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Ralph Waldo Emerson - To Eva

O Fair and stately maid, whose eye
Was kindled in the upper sky
At the same torch that lighted mine;
For so I must interpret still
Thy sweet dominion o'er my will,
A sympathy divine.

Ah! let me blameless gaze upon
Features that seem in heart my own,
Nor fear those watchful sentinels
Which charm the more their glance forbids,
Chaste glowing underneath their lids
With fire that draws while it repels.

Thine eyes still shined for me, though far
I lonely roved the land or sea,
As I behold yon evening star,
Which yet beholds not me.

This morn I climbed the misty hill,
And roamed the pastures through;
How danced thy form before my path,
Amidst the deep-eyed dew!

When the red bird spread his sable wing,
And showed his side of flame,
When the rose-bud ripened to the rose,
In both I read thy name.

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Added: Feb 21 2003 | Viewed: 509 times | Comments and analysis of To Eva by Ralph Waldo Emerson Comments (2)

To Eva - Comments and Information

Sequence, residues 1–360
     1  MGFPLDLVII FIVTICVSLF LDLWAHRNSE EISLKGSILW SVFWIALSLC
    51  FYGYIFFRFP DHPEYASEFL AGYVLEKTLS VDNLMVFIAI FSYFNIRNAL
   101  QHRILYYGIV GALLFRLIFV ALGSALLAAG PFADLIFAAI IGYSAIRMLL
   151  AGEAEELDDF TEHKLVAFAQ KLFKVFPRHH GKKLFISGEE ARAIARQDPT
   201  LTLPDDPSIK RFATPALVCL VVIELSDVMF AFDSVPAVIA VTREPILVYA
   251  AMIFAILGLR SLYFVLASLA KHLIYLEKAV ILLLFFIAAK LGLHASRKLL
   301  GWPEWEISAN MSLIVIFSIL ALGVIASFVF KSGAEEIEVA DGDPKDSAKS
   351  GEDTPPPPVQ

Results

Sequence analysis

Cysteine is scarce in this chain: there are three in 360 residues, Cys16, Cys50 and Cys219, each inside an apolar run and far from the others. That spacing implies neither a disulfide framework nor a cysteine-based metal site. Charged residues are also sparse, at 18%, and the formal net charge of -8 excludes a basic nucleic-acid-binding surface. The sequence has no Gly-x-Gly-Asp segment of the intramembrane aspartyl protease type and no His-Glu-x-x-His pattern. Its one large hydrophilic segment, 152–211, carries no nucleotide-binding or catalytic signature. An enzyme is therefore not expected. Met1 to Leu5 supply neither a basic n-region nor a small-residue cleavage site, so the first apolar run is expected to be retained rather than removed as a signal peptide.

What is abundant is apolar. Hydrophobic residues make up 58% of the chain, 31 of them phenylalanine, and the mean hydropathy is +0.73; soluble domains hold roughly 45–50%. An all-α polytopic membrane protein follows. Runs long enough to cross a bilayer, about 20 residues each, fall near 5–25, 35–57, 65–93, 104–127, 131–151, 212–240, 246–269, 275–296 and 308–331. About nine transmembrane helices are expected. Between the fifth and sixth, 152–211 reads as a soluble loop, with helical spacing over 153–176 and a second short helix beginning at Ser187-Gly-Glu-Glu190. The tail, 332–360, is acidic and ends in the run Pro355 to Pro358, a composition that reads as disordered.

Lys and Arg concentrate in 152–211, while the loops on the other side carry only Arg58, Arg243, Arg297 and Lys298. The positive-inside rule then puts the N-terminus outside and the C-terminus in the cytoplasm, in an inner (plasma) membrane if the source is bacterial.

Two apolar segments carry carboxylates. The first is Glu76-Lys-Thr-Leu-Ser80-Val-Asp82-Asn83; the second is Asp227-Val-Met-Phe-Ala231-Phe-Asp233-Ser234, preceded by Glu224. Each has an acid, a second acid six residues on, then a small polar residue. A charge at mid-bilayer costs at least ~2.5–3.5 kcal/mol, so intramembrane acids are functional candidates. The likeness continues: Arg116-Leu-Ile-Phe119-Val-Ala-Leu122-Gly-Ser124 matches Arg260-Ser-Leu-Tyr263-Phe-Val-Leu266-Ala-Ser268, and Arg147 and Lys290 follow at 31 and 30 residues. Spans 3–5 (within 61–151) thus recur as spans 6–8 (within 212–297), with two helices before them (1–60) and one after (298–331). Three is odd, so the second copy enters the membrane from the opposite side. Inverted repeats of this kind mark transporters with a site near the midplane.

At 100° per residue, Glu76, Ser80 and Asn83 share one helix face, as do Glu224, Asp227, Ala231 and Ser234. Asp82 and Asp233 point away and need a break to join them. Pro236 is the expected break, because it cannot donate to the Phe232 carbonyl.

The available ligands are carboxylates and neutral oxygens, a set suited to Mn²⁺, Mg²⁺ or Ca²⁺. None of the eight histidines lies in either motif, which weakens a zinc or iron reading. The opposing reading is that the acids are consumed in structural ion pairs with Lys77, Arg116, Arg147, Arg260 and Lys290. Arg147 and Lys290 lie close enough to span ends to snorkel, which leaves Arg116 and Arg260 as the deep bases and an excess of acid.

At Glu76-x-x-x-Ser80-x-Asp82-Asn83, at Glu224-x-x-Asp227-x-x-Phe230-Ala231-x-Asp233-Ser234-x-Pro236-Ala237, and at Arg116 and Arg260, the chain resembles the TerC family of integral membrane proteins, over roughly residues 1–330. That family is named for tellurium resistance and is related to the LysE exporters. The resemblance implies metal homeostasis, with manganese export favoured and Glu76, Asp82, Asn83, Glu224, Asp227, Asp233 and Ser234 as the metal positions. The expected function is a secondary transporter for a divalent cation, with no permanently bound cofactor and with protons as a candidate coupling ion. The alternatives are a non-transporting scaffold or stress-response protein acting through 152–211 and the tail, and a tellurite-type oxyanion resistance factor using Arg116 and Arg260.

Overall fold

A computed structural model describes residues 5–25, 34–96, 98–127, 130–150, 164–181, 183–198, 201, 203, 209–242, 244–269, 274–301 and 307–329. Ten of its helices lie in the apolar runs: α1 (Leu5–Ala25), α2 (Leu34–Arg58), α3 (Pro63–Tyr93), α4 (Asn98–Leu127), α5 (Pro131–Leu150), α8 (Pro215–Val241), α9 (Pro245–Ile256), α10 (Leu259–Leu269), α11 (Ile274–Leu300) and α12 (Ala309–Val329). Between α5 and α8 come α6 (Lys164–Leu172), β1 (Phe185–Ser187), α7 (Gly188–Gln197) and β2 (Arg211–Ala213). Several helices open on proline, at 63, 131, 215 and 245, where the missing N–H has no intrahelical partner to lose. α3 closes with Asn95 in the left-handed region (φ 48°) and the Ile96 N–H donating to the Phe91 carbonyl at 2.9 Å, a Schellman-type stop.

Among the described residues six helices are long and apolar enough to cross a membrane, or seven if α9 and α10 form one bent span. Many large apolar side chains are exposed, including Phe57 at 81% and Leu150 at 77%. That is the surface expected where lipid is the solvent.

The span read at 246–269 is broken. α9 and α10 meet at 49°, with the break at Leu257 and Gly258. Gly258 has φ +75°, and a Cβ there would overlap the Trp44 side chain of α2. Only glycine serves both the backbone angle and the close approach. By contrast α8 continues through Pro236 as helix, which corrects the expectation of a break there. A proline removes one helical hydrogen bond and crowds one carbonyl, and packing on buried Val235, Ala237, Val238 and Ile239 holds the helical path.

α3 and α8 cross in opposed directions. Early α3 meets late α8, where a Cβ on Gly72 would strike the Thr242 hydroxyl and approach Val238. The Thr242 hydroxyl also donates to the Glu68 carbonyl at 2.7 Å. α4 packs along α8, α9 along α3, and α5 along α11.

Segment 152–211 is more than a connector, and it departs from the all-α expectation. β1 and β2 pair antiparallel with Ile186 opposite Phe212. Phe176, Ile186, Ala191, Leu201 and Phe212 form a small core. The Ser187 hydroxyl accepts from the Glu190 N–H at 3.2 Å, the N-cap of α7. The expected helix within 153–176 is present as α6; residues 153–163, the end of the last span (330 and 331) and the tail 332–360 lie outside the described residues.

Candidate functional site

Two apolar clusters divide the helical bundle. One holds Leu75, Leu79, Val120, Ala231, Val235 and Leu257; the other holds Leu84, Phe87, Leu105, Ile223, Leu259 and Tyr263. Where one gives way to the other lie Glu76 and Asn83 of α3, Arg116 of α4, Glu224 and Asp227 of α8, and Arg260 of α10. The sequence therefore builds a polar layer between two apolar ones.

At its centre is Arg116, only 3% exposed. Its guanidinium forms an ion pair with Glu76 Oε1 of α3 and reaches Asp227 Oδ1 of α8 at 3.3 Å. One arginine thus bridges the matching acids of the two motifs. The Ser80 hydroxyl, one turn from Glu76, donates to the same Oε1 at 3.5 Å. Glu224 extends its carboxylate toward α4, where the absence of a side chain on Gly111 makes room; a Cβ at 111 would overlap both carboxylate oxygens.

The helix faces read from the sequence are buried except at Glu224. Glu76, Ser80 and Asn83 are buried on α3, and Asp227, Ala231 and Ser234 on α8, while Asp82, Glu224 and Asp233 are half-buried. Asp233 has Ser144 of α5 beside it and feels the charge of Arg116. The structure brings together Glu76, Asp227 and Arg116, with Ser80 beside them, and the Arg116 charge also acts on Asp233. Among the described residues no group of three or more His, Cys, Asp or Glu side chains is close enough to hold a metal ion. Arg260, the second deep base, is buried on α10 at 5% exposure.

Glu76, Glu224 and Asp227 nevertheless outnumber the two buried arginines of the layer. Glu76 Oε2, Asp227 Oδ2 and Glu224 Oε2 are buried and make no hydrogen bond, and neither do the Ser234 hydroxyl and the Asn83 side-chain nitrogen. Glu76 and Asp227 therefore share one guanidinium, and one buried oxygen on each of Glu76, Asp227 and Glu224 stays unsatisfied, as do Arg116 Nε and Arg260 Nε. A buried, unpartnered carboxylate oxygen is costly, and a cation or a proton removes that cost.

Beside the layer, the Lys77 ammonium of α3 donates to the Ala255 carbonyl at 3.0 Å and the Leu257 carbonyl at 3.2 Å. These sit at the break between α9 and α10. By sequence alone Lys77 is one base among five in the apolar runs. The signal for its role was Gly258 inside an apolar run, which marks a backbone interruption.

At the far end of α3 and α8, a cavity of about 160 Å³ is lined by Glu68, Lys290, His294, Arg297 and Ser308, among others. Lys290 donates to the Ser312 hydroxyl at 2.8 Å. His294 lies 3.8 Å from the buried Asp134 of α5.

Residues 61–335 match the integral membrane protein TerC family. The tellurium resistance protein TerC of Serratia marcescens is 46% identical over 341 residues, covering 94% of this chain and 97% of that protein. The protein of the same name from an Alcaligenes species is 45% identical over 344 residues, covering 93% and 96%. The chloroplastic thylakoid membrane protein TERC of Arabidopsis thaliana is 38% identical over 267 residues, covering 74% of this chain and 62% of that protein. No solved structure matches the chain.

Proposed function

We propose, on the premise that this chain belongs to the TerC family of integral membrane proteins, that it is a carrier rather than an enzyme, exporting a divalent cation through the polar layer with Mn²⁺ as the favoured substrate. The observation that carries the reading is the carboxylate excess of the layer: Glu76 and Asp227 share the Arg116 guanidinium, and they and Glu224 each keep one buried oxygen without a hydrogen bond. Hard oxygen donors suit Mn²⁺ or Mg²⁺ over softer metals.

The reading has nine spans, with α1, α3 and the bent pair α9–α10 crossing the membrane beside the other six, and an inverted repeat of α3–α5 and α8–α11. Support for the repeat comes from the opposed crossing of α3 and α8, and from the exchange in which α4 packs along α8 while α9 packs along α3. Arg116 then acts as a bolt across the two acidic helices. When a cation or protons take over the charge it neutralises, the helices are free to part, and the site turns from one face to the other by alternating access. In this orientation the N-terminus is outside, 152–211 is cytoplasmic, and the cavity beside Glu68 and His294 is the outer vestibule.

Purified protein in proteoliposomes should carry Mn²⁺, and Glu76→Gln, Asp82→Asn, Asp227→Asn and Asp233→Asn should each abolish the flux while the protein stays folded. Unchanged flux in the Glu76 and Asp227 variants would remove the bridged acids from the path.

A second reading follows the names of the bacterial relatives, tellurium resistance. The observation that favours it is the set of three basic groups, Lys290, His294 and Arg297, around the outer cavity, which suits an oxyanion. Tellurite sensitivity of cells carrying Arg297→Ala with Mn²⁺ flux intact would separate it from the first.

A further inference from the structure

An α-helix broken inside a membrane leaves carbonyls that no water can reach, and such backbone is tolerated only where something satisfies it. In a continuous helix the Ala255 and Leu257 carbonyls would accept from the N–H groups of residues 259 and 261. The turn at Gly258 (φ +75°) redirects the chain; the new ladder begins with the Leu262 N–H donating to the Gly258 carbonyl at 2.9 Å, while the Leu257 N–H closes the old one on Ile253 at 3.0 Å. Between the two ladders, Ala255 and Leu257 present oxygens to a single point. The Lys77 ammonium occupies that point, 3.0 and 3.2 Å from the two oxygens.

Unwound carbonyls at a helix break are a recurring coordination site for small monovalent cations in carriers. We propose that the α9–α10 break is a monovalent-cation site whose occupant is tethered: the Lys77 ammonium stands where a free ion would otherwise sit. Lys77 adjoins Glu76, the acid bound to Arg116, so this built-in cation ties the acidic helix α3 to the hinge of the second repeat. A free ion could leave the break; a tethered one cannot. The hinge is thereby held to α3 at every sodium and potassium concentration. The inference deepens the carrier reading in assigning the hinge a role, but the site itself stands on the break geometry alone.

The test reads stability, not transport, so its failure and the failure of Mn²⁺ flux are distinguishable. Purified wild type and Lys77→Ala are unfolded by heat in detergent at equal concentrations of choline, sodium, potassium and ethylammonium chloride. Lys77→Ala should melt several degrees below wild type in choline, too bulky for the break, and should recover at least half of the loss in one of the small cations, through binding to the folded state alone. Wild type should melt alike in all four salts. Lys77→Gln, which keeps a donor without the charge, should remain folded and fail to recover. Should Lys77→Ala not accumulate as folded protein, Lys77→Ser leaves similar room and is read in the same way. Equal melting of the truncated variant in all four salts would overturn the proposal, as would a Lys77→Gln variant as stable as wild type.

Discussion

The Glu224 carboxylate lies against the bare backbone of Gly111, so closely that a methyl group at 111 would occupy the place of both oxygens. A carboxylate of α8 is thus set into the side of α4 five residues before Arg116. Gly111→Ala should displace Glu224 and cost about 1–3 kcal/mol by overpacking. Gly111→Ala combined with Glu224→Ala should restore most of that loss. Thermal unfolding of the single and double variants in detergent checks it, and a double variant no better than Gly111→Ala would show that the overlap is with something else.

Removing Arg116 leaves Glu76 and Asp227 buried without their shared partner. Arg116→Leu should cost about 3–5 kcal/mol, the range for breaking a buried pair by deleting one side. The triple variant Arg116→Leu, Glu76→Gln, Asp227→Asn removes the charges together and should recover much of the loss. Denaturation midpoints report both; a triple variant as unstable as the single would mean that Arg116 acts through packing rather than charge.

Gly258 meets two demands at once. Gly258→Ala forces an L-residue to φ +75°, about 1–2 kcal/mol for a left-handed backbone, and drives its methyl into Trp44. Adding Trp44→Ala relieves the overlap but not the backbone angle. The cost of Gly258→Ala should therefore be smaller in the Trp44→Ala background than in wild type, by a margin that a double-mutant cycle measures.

Poet: Ralph Waldo Emerson
Poem: To Eva

Comment 2 of 2, added on December 5th, 2010 at 12:00 AM.
uebernachtung guenstig in ostfildern buchen

Figure Membership,comparison west treat finding result use tax market file involve brother individual plan content manager identify throughout perhaps crisis apparent following past correct offer church individual nuclear museum theory sequence move drink nurse drive tell responsibility equally internal make agent beautiful university figure together description past tell detailed shall divide small thing football offer green measure bad check visit plastic religious whereas combination as realize otherwise everything own stone match spirit race manner father thing please doctor date speaker fully oil anything lawyer move technology

uebernachtung guenstig in ostfildern buchen
Comment 1 of 2, added on April 18th, 2006 at 8:34 AM.

Ralph Waldo Emerson and Hermann Hesse thought somewhat alike. Do you think Hesse may have gotten his inspiration for Eva in his book, Demian, from Ralph Waldo Emerson.

Michael

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